From Fort William’s Jim Clark to Kingussie’s Ronald Ross, the Camanachd Cup final has a habit of throwing up immense match-winning performances that remain lodged in the memory.
• Inveraray - MacKinlay 5, 28; G MacPherson 20, 54; C Crawford 22
• Kyles Athletic - R MacDonald 10, 19, 60, 70; R MacLeod 49; F MacDonald 59
Few, though, will linger longer than Roddy MacDonald’s virtuoso performance at Mossfield Park in Oban yesterday. Four goals, including a stunning winning strike deep into the second half, deservedly brought him the Arthur Smith medal for the man of the match.
Back in 2009 the striker was part of the painfully young Kyles team which fought back from 3-0 down to level the scores with minutes to go, only to see Clark win the match for Fort with injury-time beckoning. It was a traumatic moment for the youngster and he had vowed not to let the main prize slip from his grasp this time, especially against local rivals Inveraray, a side who had already knocked Kyles out of the MacAulay Cup and Celtic Cup this season.
From the beginning, playing against an experienced Inveraray side which started as slight favourites and which will now begin to disband after winning virtually everything the game has to offer, MacDonald was a force of nature. Many of his side, including usually outstanding defender Calum Millar, looked overawed, yet the red-headed half forward was the driving force for his side and the man whose goals kept the men from Tighnabruaich in touch when Inveraray threatened to pull away in this first Camanachd Cup final between these two sides.
The match was only five minutes old when Inveraray converted their early pressure into a goal, with Russell MacKinlay – a player who famously only travels for cup games – slamming the ball past Macdonald’s 50-year-old father Kenny in the Kyles goal after a great run down the right by Christopher Crawford.
Kyles are the only side to play with two full forwards, who usually move out wide to feed MacDonald through the middle, but yesterday there was little width to Kyles’ game and it was only when Inveraray keeper Graham MacPherson missed the ball that MacDonald was able to open Kyles’ account. If that goal had an element of luck, the same could not be said of his next effort, a superb solo goal in which the ball made its way from his father in three big passes, MacDonald latching on to the last to skin Dougie Dando and fire past Macpherson.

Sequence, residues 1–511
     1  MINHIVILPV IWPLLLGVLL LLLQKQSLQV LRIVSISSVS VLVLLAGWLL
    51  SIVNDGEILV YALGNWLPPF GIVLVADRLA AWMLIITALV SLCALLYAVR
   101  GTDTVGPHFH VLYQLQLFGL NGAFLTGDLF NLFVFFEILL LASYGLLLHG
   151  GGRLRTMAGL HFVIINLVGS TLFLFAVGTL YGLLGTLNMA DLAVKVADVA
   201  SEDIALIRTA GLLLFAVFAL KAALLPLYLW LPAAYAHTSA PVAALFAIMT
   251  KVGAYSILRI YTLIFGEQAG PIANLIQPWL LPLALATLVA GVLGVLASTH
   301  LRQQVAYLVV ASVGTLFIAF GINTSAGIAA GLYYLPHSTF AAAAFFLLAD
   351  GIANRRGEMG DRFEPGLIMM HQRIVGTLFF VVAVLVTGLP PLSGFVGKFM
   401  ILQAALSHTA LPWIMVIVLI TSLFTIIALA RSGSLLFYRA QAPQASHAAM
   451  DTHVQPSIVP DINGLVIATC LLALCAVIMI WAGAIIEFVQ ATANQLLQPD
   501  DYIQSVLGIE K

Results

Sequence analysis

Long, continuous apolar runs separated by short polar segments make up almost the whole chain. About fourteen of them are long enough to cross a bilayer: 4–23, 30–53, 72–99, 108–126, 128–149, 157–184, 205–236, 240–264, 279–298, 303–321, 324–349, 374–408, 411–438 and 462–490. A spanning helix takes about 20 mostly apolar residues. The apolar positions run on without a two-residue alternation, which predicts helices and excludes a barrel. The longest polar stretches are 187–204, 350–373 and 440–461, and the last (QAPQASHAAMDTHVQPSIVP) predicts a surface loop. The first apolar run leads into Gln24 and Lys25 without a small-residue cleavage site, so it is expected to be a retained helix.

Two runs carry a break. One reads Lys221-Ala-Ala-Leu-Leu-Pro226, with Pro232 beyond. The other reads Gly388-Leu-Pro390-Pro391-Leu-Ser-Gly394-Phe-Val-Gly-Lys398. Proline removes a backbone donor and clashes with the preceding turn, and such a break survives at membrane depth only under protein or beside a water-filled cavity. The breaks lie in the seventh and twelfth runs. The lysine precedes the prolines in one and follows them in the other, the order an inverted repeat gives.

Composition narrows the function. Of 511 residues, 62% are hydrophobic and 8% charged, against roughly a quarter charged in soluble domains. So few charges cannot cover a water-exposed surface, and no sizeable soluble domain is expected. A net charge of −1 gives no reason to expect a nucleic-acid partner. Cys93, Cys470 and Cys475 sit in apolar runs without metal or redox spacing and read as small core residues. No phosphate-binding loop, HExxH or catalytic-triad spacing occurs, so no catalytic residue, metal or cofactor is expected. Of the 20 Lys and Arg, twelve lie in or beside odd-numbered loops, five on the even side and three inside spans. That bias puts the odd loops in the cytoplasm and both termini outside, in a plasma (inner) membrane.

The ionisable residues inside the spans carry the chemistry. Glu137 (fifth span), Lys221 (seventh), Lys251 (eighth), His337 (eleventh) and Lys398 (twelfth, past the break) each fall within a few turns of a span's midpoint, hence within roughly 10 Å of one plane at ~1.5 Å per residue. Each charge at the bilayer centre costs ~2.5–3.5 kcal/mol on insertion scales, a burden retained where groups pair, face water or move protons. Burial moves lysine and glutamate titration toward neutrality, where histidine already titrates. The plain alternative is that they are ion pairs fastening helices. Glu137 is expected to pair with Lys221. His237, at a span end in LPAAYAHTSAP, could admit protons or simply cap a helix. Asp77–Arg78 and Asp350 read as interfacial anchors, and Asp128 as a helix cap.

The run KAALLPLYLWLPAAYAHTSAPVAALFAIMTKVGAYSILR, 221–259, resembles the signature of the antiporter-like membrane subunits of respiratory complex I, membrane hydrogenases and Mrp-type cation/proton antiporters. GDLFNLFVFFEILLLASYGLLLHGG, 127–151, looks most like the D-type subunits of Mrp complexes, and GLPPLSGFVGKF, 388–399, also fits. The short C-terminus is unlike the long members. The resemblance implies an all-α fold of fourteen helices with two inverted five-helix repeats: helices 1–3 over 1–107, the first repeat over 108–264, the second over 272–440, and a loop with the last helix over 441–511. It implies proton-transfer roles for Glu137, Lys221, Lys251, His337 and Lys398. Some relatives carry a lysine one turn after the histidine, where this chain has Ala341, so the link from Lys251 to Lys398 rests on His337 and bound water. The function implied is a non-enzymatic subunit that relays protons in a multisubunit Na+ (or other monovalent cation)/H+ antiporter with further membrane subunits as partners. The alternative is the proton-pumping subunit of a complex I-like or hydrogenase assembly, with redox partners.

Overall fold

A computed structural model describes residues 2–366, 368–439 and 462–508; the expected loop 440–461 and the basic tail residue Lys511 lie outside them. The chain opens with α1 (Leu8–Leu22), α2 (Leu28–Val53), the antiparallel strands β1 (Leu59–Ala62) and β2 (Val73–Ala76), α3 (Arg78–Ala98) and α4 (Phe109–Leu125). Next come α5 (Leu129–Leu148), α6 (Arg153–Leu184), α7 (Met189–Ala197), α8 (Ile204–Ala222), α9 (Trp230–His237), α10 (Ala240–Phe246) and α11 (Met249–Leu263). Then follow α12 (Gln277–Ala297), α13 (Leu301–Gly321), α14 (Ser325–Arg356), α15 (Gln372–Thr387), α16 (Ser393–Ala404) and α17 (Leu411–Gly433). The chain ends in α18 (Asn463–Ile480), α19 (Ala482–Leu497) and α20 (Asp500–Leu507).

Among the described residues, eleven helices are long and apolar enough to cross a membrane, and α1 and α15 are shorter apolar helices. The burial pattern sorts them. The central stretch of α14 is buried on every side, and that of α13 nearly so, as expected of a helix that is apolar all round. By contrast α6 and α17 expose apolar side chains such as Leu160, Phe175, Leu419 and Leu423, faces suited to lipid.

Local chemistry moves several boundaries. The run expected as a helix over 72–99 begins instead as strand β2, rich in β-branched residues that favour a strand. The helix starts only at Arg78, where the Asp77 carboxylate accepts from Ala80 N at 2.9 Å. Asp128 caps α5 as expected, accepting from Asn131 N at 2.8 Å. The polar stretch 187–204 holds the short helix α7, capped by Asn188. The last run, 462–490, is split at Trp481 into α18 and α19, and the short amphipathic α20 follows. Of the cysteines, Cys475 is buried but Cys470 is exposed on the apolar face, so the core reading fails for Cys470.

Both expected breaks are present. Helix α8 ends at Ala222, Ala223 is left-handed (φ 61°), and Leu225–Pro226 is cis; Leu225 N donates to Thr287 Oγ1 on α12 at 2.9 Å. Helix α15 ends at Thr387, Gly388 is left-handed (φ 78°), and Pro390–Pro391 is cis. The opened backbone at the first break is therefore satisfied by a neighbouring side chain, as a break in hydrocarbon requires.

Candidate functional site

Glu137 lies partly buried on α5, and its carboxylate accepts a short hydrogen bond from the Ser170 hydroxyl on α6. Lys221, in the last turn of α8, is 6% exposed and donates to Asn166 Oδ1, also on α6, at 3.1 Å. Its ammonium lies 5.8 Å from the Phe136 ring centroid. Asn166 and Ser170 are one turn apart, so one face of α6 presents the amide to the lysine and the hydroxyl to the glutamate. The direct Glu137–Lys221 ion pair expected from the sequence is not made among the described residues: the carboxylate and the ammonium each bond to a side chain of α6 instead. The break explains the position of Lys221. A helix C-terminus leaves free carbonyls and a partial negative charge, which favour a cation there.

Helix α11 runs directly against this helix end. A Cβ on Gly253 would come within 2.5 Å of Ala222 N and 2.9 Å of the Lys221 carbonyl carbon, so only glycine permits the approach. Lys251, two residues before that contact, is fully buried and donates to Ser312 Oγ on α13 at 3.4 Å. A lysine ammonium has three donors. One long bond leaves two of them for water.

Yet despite Kyles taking a 2-1 lead, it was Inveraray who were bossing this all-Argyll final, and the pressure soon paid, with Garry MacPherson’s low driven shot a minute later drawing them level. Two minutes later Inverarary deservedly pulled clear, with Crawford snaring a second after some good stick work, with MacKinlay also completing his brace five minutes later to ensure that Inveraray would go into half time leading 4-2.
Robbie MacLeod pulled a goal back for Kyles with a penalty after Dunky Kerr was upended, and as the half wore on the youngsters began to wear down their older rivals. Yet Inveraray still had class and venom, and when Garry MacPherson smacked in a fantastic driven goal from the right to make it 5-3 it looked as if the club’s golden generation might get to bow out with the game’s greatest honour.
Yet as the game entered its final stages they visibly flagged, and Kyles stepped up to the mark. It needed something special to drag them back into the game, though, and that turning point came with two goals of rare quality, with Fraser MacDonald firing in a driven shot from the left wing before his namesake Roddy capped a remarkable hat-trick with a goal of rare quality, taking the ball with his back to goal on the edge of the area to pivot and fire into the top corner to make it 5-5.
Up on the shinty equivalent of Murray Mound, the bare-chested Tighnabruaich Ultras were going bonkers, and as the game entered its final quarter the Kyles dynamo struck again, this time turning on the edge of the area and rifling a low rasping shot in off the post with just over ten minutes remaining.
It was a goal worthy of winning any match, let alone this first all-south Camanachd Cup final since 1983, a classic between two attack-minded sides in one of the great shinty finals.